By Amy Goldman
Photographs by Victor Schrager
With Melons for the Passionate Grower Amy Goldman and her literary partner, photographer,Victor Schrager, introduced the world to a new genre of horticultural literature and a brilliant new style of communicating this genre. The genre can best be described as Dedicated Vegetable Studies where within the covers of a single book, a vegetable type is comprehensively described, historically analyzed and a multiplicity of varieties discussed. The communication style can best be described as "enhancing understanding by visually exploring the literary topic as art".
Now what does all this gibberish mean and how does it apply to Melons for the Passionate Grower? This book is the definitive study of the most popular, most succulent, most fragrant, most interesting and most historically significant melons that we know today. In its 176 pages, the stories of 100 melons are told with details about their size, shape, weight, sugar content, time to maturity and seed sources. The book begins with a primer for melon growers including how to know when to harvest, the effect of refrigeration, how to grow, how to save the seeds and how to hand pollinate. There is a brief section which provides the reader with some well-tested melon recipes like candied watermelon, melon soup and pickled watermelon rind. This section is followed by a brief history of the melon, in general. Then the book launches into a 126 page encyclopedia of melons where the history, legends, peculiarities and exceptional qualities of each melon are discussed in detail and with a literary richness rarely encountered in horticultural writing: for example, describing the Petit Gris de Rennes melon as "the champagne of French cantaloupes".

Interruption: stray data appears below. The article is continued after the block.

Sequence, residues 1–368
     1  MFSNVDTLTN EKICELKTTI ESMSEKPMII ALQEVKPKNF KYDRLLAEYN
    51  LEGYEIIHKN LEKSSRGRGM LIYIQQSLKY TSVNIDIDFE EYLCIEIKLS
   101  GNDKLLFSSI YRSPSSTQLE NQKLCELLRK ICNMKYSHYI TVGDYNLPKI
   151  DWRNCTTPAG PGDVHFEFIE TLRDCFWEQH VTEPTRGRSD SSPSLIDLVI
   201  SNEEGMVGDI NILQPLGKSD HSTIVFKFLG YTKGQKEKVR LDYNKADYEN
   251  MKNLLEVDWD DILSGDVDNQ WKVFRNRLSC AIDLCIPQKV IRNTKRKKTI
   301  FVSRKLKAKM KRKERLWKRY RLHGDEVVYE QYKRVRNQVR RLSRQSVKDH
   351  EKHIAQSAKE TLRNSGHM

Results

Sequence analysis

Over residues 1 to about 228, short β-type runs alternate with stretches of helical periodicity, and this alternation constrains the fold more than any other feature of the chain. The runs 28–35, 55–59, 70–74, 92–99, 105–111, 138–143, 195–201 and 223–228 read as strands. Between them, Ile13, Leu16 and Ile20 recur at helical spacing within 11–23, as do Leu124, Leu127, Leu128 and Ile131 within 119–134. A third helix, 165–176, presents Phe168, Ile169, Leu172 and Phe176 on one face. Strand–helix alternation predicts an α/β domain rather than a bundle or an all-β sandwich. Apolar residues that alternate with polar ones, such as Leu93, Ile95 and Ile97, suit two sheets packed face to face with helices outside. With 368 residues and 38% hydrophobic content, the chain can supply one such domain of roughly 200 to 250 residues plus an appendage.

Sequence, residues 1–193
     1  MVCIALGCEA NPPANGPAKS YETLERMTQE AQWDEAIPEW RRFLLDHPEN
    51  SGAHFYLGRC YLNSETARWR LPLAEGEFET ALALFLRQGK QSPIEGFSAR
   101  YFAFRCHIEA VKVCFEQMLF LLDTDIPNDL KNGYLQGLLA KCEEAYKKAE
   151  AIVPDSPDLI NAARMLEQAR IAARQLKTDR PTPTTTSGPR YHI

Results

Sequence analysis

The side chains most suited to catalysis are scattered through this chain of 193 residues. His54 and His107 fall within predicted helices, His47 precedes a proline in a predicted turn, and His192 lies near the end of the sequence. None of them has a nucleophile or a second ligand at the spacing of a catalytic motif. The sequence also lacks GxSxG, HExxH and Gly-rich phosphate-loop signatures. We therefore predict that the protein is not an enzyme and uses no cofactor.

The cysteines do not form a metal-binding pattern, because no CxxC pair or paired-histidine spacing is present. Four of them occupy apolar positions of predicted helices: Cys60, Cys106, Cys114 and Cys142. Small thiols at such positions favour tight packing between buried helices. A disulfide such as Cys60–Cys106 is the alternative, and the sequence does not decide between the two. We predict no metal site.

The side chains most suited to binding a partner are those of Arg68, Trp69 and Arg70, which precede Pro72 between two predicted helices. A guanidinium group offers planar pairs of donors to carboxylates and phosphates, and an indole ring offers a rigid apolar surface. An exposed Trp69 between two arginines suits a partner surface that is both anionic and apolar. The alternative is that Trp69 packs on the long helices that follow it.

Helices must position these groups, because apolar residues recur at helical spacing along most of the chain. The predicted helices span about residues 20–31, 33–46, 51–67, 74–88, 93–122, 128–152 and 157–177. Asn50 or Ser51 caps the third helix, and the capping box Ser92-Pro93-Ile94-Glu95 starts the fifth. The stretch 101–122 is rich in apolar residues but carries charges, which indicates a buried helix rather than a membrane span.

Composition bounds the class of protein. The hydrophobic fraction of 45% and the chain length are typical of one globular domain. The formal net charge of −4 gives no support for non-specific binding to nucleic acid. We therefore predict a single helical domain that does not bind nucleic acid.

The text is rich, detailed, easy to read, carefully researched and comprehensive, but it is the partnering of this splendid content with the unbelievable photography that distinguishes this book. Unless you own one of the other Goldman-Schrager books, you have NEVER seen vegetable/fruit photographs like these. Each melon "vignette" is accompanied by at least one full page still life photograph. The melons are staged against a background of muted colors of nature. Each fruit is resting against or on top of some natural pedestal like a brick of marble or a slab of mahogany or a block of slate. The melons have been freshly harvested with dried vines and/or leaves still attached and then sliced to show the vivid colors and sugar laden juices dripping from the flesh. My favorite is the exquisitely simple arrangement on page 33 of the Early Frame Prescott cantaloupe.
I think Melons for the Passionate Grower is one of those "must have" books. At Landreth everyone uses this book as a resource to better understand melons, but we often refer to it when customers visit to help facilitate their understanding and knowledge of melons. Even if you are not a gardener or you have never grown melons and never intend to, if you love beautiful things and you cherish the beauty that nature has blessed us with, you will treasure this book.